Retired test pilot, CSA astronaut and ISS Commander Chris Hadfield's new Master Class advertisement video Chris Hadfield Teaches Space Exploration - Official Trailer - MasterClass is heavily edited and I think mixes the explanations for several things together.

You have to push your lungs forward through the drag of the atmosphere. Crushed into your chair — you’re like a leaf in a hurricane. The reason is $D = 1/2 \rho v^2 S$. Sixteen times the speed of sound. As you accelerate harder and harder, that light blue Florida sky starts to get darker and darker, and then suddenly, black — and the engines shut off, and you’re weightless.

If the equation $D = 1/2 \rho v^2 S$ is for air resistance (drag), then $S$ might be $C_D A$ where $C_D$ is a drag coefficient and $A$ is an effective cross-sectional area.

$S$ doesn't show up in that Wikipedia article or a few other sites I checked, but is it nonetheless a standard variable or parameter used in spaceflight? If so, what's it called and how is it defined mathematically, and determined experimentally and theoretically?

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    $\begingroup$ S often means wing area. My introductory aero engineering text Introduction to Flight by Anderson gives the drag equation as D = dynamic pressure * S * drag coefficient, where S is the wing area. Not exactly what he shows, though. Maybe he's assuming a drag coefficient of 1.0? $\endgroup$ Dec 25 '19 at 14:03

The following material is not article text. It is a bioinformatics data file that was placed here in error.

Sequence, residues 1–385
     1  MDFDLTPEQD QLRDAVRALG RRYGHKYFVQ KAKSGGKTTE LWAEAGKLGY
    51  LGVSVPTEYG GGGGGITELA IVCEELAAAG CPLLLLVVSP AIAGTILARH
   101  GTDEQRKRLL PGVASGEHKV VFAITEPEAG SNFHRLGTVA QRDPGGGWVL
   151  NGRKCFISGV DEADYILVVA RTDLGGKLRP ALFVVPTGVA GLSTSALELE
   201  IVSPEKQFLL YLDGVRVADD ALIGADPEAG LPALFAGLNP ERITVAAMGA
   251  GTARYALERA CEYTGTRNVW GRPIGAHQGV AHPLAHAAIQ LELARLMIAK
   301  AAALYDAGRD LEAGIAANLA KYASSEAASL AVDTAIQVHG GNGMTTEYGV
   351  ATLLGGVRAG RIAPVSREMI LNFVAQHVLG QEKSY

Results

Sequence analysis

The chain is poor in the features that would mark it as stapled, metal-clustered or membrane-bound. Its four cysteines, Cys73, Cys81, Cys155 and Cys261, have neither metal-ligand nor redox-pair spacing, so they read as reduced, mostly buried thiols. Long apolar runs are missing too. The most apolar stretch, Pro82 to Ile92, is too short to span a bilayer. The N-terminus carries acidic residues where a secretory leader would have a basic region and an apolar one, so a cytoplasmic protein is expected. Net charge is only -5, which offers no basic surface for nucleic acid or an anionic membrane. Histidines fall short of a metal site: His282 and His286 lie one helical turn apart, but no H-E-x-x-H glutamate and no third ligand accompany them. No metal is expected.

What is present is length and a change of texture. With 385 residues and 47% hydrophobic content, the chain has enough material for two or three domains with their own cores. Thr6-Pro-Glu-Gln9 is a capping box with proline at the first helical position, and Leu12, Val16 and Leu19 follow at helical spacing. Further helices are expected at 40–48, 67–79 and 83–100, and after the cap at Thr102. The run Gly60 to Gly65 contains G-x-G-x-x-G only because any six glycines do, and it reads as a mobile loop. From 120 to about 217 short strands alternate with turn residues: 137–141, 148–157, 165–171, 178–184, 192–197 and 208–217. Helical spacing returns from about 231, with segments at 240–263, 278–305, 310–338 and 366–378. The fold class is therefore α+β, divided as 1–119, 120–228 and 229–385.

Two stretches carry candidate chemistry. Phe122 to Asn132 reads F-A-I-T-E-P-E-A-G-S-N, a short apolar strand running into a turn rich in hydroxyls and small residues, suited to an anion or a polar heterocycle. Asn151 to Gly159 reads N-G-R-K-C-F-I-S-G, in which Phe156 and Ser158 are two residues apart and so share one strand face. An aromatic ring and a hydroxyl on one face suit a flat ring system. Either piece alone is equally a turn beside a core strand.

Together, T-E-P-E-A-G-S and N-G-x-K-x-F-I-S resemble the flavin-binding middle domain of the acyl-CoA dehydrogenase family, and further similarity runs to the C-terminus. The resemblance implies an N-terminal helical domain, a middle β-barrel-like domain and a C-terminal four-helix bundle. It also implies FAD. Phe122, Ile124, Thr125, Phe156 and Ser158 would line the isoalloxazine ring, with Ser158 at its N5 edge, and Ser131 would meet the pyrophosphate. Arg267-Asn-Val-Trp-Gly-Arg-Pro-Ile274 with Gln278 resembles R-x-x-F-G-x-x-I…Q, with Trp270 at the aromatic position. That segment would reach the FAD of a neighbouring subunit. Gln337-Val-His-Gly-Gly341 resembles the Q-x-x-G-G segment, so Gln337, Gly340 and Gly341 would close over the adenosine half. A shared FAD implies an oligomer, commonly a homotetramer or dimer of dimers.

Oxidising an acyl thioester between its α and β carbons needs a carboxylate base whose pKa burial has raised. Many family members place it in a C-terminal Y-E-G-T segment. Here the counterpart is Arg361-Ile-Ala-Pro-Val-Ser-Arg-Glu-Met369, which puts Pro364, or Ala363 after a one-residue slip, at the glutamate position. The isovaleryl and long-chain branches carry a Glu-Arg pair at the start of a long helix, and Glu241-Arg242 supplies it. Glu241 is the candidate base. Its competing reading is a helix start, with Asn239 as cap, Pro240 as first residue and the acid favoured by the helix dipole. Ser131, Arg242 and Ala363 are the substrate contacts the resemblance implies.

As you correctly noted, the S he's using is a combination of effective surface area and drag coefficient. All literature I've come across uses S for surface area and expresses drag as $D = C_D\frac{1}{2}\rho V^2S$ where $C_D$ is the drag coefficient and S is the effective surface area.

Combining these two into one parameter makes sense to me however. $C_D$ is usually calculated numerically or experimentally and in both cases it depends on your angle of attack. For most shapes, the angle of attack will also have an effect on the effective surface area. The $C_D S$ part of the drag equation can therefore be determined as one parameter.

As far as I know, in literature this notation is not used, but it makes sense intuitively to clump them together. The closest I can think of is the ballistic coefficients but that is calculated as $\frac{M}{C_D S}$, where M is the mass.


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